Douglas Livingstone wrote:
> On Fri, 21 Jan 2005 13:28:58 +0900, James Britt
> ...
>>It is not easy to find the right balance, and people ought not be thrust
>>into "expert mode" right off the bat, but I suspect that many things
>>that may one thinks of as valuable to a newcomer will quickly strike
>>them as just more stuff taking up screen space as they soon get more
>>familiar with a site.
> 
> 
> I don't understand what you are trying to say. Are you just being
> cynical? That's my impression, sorry if I'm mistaken.

Designing for the novice has the potential to create assorted artifacts 
that, while useful the first few times someone attempts a task, are 
soon no longer needed.

The instructions for joining the ruby-doc mailing list on the main page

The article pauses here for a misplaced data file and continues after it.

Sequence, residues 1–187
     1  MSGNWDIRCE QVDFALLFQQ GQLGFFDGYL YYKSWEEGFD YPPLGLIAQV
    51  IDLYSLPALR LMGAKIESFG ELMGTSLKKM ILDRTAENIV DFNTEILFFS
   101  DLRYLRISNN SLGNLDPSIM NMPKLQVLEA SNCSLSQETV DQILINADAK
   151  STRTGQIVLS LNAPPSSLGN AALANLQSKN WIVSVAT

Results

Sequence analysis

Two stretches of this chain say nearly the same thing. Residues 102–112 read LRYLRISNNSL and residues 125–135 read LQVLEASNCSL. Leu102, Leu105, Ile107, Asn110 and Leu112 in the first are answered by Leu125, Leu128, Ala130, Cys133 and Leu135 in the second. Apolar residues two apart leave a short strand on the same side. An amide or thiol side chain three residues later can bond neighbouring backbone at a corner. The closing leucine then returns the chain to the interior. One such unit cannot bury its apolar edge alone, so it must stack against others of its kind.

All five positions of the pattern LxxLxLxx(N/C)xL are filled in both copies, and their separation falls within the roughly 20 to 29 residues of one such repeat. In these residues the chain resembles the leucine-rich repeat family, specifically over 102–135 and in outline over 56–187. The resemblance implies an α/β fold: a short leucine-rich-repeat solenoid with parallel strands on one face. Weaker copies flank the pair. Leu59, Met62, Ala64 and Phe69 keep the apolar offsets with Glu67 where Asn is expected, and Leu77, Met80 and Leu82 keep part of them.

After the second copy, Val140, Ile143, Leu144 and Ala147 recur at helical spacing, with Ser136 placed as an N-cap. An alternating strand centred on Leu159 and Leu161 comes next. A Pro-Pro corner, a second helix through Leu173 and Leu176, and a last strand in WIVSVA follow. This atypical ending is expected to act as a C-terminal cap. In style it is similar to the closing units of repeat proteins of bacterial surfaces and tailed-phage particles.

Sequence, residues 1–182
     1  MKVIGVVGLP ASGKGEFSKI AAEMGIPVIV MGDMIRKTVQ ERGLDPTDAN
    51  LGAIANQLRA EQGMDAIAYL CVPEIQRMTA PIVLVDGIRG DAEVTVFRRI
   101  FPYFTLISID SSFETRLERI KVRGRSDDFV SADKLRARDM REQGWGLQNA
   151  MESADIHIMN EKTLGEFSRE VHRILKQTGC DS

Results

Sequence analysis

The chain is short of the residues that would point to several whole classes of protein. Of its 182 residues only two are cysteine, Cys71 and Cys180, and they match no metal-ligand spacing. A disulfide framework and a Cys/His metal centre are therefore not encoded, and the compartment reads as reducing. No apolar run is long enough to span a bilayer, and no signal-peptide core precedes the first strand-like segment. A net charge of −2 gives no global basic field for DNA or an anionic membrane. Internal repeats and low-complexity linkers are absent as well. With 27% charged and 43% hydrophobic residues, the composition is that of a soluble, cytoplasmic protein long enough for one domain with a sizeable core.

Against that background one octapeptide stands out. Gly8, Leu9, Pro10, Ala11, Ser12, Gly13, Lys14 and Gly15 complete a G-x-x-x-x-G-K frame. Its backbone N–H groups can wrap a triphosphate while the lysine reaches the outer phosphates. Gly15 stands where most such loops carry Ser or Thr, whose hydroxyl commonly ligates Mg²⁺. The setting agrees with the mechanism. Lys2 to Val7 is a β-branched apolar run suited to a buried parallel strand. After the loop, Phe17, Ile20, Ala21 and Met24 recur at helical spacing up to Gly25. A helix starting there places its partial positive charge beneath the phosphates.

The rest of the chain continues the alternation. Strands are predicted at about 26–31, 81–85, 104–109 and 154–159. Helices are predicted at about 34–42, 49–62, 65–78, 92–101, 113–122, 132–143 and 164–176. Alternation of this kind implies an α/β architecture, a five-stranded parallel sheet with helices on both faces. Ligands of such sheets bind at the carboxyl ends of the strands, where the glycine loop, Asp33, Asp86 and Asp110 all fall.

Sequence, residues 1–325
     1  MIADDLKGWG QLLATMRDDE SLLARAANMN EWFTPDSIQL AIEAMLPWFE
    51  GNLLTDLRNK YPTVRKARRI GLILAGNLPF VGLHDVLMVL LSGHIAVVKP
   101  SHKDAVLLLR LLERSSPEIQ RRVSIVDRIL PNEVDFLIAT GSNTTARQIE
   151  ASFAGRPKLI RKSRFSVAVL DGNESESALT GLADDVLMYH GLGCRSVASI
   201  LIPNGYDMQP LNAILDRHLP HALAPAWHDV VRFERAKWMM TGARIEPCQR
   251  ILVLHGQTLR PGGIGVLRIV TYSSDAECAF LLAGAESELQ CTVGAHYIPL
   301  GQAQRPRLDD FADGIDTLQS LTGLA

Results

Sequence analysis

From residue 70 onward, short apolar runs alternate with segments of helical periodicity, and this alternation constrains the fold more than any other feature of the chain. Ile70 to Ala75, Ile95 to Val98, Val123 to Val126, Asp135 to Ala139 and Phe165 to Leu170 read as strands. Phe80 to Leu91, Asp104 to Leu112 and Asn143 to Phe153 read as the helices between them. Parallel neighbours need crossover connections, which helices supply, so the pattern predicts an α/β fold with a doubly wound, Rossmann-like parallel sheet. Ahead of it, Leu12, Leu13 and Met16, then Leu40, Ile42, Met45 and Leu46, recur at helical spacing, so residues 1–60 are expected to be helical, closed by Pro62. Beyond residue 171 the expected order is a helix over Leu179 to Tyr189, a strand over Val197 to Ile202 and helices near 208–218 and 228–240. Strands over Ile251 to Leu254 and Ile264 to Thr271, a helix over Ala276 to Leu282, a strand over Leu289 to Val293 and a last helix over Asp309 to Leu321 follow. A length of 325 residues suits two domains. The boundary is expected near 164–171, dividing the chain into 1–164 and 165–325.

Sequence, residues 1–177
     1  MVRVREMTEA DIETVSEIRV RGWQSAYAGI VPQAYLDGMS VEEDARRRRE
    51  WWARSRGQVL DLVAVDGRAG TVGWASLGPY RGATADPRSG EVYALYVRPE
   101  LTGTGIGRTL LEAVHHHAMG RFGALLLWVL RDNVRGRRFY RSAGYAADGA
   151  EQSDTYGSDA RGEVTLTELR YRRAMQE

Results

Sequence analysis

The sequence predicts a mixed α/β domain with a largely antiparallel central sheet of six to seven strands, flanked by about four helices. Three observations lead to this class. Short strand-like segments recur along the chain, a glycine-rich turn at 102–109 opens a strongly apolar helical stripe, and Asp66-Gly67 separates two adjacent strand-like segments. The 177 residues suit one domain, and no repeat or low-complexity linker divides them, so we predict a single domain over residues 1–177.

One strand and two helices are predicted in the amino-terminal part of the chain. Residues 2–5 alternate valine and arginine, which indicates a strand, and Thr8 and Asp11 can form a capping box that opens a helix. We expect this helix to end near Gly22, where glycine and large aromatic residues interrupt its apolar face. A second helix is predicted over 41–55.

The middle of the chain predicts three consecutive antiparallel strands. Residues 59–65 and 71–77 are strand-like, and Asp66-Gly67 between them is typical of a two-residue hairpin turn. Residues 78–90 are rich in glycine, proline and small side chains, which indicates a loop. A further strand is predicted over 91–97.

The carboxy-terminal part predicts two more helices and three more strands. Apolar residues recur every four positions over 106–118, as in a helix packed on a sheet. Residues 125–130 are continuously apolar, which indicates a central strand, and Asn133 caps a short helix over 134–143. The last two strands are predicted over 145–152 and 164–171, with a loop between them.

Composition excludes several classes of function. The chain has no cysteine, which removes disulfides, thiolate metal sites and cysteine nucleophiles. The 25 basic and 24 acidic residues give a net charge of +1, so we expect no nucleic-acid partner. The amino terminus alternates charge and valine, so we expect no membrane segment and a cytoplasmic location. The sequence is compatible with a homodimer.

of ruby-doc might be a good example.  Most people no longer need to be 
hit in the face with the mailing list details, but they have to wade 
past it each time.   It may have been useful for some people for some 
period of time, but after 2 or 3 visits, you have to start thinking to 
yourself, "Yeah, yeah, I know. This is how I join the list."

So, while the intention may have been good ("Make it easy for people to 
learn about the RDP and join in."), the implementation gets in the way 
after a while.


James






> 
> Douglas
> 
>